Wishing to live this nightmare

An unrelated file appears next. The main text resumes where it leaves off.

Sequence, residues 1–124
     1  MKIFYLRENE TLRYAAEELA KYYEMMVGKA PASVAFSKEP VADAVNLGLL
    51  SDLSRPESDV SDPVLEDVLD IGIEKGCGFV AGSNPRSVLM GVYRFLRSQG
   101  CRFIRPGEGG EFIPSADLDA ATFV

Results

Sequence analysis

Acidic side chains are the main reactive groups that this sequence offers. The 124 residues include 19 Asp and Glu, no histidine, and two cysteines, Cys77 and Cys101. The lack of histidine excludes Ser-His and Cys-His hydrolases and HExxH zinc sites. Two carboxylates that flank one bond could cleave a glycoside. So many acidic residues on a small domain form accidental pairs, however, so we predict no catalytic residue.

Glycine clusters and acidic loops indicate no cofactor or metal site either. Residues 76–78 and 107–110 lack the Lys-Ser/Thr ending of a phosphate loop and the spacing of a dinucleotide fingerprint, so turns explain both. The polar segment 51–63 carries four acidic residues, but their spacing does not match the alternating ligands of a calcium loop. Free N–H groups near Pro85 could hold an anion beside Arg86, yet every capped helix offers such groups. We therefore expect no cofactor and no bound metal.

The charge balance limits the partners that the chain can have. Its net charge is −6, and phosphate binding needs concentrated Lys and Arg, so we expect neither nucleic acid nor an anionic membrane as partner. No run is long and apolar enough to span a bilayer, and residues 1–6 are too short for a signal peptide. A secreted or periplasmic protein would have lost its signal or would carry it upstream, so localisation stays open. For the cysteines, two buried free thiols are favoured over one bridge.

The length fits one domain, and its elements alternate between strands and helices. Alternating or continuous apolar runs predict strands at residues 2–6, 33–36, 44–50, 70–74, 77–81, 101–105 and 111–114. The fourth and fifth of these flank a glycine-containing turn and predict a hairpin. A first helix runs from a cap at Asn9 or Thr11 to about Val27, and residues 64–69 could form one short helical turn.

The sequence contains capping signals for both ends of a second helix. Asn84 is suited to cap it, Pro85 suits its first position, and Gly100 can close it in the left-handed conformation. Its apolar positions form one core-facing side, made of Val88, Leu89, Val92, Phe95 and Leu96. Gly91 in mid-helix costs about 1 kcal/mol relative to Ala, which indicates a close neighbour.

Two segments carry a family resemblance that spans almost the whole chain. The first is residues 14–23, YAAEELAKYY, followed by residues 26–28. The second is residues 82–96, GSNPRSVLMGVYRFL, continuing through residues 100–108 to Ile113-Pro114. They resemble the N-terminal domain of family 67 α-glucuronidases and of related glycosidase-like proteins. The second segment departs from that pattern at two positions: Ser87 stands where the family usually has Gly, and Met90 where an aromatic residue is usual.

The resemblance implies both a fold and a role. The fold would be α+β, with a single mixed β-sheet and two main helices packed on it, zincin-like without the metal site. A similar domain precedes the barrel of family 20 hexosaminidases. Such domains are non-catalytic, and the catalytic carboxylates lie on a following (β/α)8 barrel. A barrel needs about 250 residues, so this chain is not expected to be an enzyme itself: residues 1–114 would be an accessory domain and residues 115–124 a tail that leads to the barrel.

Little Nightmares is a game that we love, one of those jewels of independent development guilty of the high status it enjoys today, and that if you have not enjoyed it yet, we recommend that you do it as soon as possible. This continuation is a full-fledged more and better. Few settings have conquered us and have managed to immerse us in their proposal as that terrifying and disconcerting underwater enclave where the first game took place. And with a scarce hour of demo, Tarsier Studios weaves another superb Dantesque setting that has completely caught us. And despite the fact that it begins continuity at the playable level, the introduction of Six as a companion controlled by the AI and the need to cooperate with it opens up new and multiple layers and options. Just because it was called what it was called, it already had our full attention, but after trying these initial bars of Little Nightmares II it has automatically positioned itself as one of our most desired video games for the remainder of the year, and we count the hours to be able to immerse ourselves in the new nightmare created by the Swedish studio, which has once again hit the key to offer us a unique and wildly attractive game.